J.H asked in Arts & HumanitiesHistory · 9 years ago

How did Mae West have the American dream?

I'm writing an essay and I need more facts about how Mae west had the american dream. HELP(:

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    Mae West (August 17, 1893 – November 22, 1980) was an American actress, playwright, screenwriter and sex symbol whose entertainment career spanned seven decades.

    Known for her bawdy double entendres, West made a name for herself in vaudeville and on the stage in New York before moving to Hollywood to become a comedienne, actress and writer in the motion picture industry. In consideration of her contributions to American cinema, the American Film Institute named West 15th among the greatest female stars of all time. One of the more controversial movie stars of her day, West encountered many problems including censorship. When her cinematic career ended, she continued to perform on stage, in Las Vegas, in the United Kingdom, on radio and television, and recorded rock and roll albums. She used the alias Jane Mast early in her career.

    Her first appearance in a legitimate Broadway show was in a 1911 revue A La Broadway put on by her former dancing teacher, Ned Wayburn. The show folded after just eight performances but at 18, West had then been singled out and discovered by the New York Times. She next appeared in a show called Vera Violetta, whose cast featured Al Jolson. In 1912 she also appeared in the opening performance of "A Winsome Widow" as a 'baby vamp' named La Petite Daffy.

    "Ev'rybody Shimmies Now" sheet music cover with portrait, 1918

    Her photograph appeared on an edition of the sheet music for the popular number "Ev'rybody Shimmies Now" in 1918. She was encouraged as a performer by her mother, who, according to West, always thought that whatever her daughter did was fantastic.However, other members of her family were less encouraging, including the aunt who delivered her, as well as her paternal grandmother. Along with certain other relatives, they are all reported as having disapproved of her career and her choices.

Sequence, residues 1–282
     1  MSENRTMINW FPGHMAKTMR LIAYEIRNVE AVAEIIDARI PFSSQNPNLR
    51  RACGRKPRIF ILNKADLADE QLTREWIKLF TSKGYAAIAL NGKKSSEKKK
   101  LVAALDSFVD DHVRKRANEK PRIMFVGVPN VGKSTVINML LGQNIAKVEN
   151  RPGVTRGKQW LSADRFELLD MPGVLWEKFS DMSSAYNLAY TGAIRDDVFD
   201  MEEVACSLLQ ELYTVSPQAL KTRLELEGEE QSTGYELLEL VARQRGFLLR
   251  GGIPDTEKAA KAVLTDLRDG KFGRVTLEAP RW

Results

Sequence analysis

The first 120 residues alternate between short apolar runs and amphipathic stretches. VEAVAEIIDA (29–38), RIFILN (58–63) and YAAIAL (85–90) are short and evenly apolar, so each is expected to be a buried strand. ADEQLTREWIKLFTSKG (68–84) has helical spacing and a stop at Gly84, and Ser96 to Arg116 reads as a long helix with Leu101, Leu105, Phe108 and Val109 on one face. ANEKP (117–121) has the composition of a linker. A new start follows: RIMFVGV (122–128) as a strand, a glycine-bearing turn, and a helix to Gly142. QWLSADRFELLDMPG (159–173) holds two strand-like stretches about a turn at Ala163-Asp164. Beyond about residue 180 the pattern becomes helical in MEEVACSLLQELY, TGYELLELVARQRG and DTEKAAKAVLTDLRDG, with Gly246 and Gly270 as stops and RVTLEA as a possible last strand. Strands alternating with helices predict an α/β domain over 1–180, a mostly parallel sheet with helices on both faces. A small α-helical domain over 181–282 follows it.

In 1918, after exiting several high-profile revues, West finally got her break in the Shubert Brothers revue Sometime, opposite Ed Wynn. Her character Mayme danced the shimmy. Eventually, she began writing her own risqué plays using the pen name Jane Mast. Her first starring role on Broadway was in a play she titled Sex, which she also wrote, produced, and directed. Though critics hated the show, ticket sales were good. The notorious production did not go over well with city officials and the theater was raided with West arrested along with the cast.

    She was prosecuted on morals charges and, on April 19, 1927, was sentenced to ten days for "corrupting the morals of youth." While incarcerated on Welfare Island (now known as Roosevelt Island), she dined with the warden and his wife and told reporters that she wore her silk underpants while serving time. She served eight days with two days off for good behavior. Media attention about the case enhanced her career. Her next play, The Drag, dealt with homosexuality and was what West called one of her "comedy-dramas of life". After a series of try-outs in Connecticut and New Jersey, West announced she would open the play in New York. However, The Drag never opened on Broadway due to the Society for the Prevention of Vice vows to ban it if West attempted to stage it.

    West was an early supporter of the women's liberation movement, but stated she was not a feminist. She was also a supporter of gay rights.

    West continued to write plays, including The Wicked Age, Pleasure Man and The Constant Sinner. Her productions were plagued by controversy and other problems, although the controversy ensured that West stayed in the news and most of the time this resulted in packed performances. Her 1928 play, Diamond Lil, about a racy, easygoing lady of the 1890s, became a Broadway hit. This show enjoyed an enduring popularity and West would successfully revive it many times throughout the course of her career.

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